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Fillip v. Centerstone Linen Services, LLC

Court of Chancery of Delaware

December 3, 2013

KARL FILLIP, Plaintiff,

Submitted Date October 1, 2013.

Defendant's Motion to Dismiss and Plaintiffs Motion for Summary Judgment.

Stephen E. Jenkins, Esquire and Marie M. Degnan, Esquire of ASHBY & GEDDES, Wilmington, Delaware; OF COUNSEL: Phillip S. McKinney, Esquire and John K. Larkins III, Esquire of ROGERS & HARDIN LLP, Atlanta, Georgia; Attorneys for Plaintiff

William M. Lafferty, Esquire and John P. DiTomo, Esquire of MORRIS, NICHOLS, ARSHT & TUNNELL LLP, Wilmington, Delaware; OF COUNSEL: Michael W. Johnston, Esquire, Samuel M. Matchett, Esquire and Darrick L. McDuffie, Esquire of KING & SPALDING LLP, Atlanta, Georgia; Attorneys for Defendant.

Abigail M. LeGrow, Master in Chancery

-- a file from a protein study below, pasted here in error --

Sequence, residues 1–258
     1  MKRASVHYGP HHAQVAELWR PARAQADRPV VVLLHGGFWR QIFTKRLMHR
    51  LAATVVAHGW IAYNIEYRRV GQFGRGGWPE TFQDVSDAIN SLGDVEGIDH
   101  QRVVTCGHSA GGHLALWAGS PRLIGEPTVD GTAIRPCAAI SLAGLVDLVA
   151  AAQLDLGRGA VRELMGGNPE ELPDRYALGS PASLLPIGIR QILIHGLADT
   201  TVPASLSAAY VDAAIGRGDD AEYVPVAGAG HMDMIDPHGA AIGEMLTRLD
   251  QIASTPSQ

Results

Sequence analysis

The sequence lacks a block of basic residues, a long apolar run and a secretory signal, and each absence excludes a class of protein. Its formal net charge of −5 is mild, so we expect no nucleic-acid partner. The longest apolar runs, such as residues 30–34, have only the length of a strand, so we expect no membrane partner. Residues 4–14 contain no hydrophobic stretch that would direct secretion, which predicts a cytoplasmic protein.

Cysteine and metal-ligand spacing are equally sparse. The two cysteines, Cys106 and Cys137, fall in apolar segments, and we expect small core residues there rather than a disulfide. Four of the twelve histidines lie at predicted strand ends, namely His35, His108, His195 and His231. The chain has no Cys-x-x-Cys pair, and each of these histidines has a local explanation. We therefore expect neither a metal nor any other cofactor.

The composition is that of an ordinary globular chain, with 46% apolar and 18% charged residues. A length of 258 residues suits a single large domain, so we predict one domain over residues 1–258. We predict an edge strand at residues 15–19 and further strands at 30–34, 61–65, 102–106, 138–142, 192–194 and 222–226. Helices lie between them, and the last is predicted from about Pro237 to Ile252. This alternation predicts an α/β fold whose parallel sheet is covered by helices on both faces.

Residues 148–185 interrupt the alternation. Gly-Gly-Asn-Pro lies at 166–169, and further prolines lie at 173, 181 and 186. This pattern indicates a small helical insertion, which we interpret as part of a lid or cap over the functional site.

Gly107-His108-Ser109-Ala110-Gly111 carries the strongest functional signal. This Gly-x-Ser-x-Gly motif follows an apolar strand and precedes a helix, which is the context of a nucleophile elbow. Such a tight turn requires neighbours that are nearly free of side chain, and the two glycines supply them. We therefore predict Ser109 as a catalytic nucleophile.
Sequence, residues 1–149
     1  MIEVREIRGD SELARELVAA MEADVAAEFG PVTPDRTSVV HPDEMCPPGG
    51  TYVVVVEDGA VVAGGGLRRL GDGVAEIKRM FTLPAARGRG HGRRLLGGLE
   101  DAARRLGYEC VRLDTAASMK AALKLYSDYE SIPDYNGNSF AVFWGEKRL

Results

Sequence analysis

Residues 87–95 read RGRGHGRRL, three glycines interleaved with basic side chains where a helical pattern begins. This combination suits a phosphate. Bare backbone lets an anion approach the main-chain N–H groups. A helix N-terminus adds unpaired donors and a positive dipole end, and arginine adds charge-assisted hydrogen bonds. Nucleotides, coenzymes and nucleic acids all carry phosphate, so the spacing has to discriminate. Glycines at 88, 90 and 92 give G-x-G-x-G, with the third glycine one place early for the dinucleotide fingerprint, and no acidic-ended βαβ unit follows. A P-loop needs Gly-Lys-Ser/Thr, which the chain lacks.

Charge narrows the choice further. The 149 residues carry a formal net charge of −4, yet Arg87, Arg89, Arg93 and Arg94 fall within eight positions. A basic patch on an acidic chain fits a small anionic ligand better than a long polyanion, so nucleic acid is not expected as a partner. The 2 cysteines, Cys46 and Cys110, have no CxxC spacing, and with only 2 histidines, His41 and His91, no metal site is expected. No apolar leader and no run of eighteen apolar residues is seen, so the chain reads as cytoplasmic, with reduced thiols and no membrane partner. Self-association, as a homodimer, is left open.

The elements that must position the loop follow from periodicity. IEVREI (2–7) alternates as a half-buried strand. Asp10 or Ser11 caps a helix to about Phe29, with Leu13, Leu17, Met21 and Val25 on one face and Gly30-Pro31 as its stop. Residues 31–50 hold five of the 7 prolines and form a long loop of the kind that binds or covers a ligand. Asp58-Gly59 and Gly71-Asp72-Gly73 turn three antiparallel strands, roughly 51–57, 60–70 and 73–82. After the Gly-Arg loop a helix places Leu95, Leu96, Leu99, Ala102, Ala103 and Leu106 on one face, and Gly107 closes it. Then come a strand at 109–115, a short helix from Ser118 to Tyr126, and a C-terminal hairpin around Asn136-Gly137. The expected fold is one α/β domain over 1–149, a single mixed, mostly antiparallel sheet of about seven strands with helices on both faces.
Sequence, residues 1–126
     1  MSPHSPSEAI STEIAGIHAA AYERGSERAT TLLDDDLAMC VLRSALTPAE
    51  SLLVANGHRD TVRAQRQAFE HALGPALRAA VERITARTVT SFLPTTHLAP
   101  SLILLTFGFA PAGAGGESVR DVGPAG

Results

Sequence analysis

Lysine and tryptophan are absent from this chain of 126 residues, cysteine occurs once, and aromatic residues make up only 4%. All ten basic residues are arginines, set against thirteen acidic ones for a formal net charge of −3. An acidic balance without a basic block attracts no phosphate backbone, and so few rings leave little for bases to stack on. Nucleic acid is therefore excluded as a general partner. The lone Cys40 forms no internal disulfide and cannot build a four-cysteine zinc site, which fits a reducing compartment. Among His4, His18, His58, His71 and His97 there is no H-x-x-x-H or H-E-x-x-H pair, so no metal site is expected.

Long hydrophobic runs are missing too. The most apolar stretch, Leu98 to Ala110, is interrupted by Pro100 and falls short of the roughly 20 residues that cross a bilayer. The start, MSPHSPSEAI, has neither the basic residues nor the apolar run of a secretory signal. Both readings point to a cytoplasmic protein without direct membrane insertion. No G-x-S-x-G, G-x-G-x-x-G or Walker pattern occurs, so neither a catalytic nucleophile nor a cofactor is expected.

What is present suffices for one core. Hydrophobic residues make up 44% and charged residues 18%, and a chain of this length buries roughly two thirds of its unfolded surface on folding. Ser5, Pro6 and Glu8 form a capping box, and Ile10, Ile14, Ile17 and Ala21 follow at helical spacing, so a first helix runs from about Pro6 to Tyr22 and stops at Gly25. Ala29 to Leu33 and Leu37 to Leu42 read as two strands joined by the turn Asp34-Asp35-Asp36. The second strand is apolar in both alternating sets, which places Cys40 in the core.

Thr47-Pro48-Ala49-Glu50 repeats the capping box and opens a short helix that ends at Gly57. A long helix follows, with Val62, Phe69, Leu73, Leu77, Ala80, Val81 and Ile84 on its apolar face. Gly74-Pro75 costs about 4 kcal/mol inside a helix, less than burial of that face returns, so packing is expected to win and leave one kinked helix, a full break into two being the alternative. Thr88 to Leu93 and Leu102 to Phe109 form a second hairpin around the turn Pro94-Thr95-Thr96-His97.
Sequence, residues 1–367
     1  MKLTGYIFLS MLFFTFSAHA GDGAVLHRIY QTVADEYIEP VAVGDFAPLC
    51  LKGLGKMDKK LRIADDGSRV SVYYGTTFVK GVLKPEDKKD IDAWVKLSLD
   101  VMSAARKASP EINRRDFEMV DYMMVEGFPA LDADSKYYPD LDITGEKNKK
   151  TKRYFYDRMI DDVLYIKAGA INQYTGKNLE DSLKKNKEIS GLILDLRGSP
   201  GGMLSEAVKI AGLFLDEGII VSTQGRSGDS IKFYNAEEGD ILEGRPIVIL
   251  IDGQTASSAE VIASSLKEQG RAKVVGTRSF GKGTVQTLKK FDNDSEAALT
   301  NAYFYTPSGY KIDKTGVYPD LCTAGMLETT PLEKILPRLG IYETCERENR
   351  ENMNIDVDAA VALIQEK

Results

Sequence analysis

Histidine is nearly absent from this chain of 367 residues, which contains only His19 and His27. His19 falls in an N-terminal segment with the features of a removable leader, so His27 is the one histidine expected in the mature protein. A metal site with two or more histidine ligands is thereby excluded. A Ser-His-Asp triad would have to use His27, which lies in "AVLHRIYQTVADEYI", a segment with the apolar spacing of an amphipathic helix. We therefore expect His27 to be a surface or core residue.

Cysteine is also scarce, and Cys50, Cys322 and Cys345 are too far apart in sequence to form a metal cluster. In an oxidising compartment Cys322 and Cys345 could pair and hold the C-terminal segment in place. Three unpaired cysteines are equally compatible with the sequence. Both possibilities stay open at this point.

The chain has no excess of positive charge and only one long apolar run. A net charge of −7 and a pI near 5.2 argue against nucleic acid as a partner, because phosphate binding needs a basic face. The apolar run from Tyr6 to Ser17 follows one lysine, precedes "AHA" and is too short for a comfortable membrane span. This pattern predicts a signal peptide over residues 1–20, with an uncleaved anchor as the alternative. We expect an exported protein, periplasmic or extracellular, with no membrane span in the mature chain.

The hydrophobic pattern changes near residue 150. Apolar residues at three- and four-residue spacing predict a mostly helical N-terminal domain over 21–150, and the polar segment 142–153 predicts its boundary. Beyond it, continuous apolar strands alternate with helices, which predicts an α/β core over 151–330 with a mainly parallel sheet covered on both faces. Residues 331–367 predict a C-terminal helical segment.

This dispute is standard fare in the world of indemnification and advancement. The plaintiff, Karl Fillip ("Fillip"), is a member, manager, and the former CEO of defendant Centerstone Linen Services, LLC ("Centerstone" or the "Company"). In 2012, Fillip resigned his position as CEO and then filed a lawsuit in Georgia when Centerstone refused to pay Fillip the severance to which he believed he was entitled. Centerstone quickly alleged counterclaims and affirmative defenses against Fillip in the Georgia case, alleging he breached his fiduciary duties and certain contractual obligations by manipulating the Company's earnings and revenues, paying kickbacks, modifying the terms of a note obligation between the Company and Fillip's holding company, and attempting to sell Centerstone without the board of managers' authorization. When Fillip demanded Centerstone advance his attorneys' fees and expenses related to the affirmative defenses and counterclaims, Centerstone sought to avoid its advancement obligations by filing amended counterclaims omitting the counts alleging Fillip breached his fiduciary duties. Centerstone argued Fillip was not entitled to advancement for the remaining counts because those claims were personal to Fillip and did not involve actions he took in the performance of his duties as CEO. This lawsuit soon followed.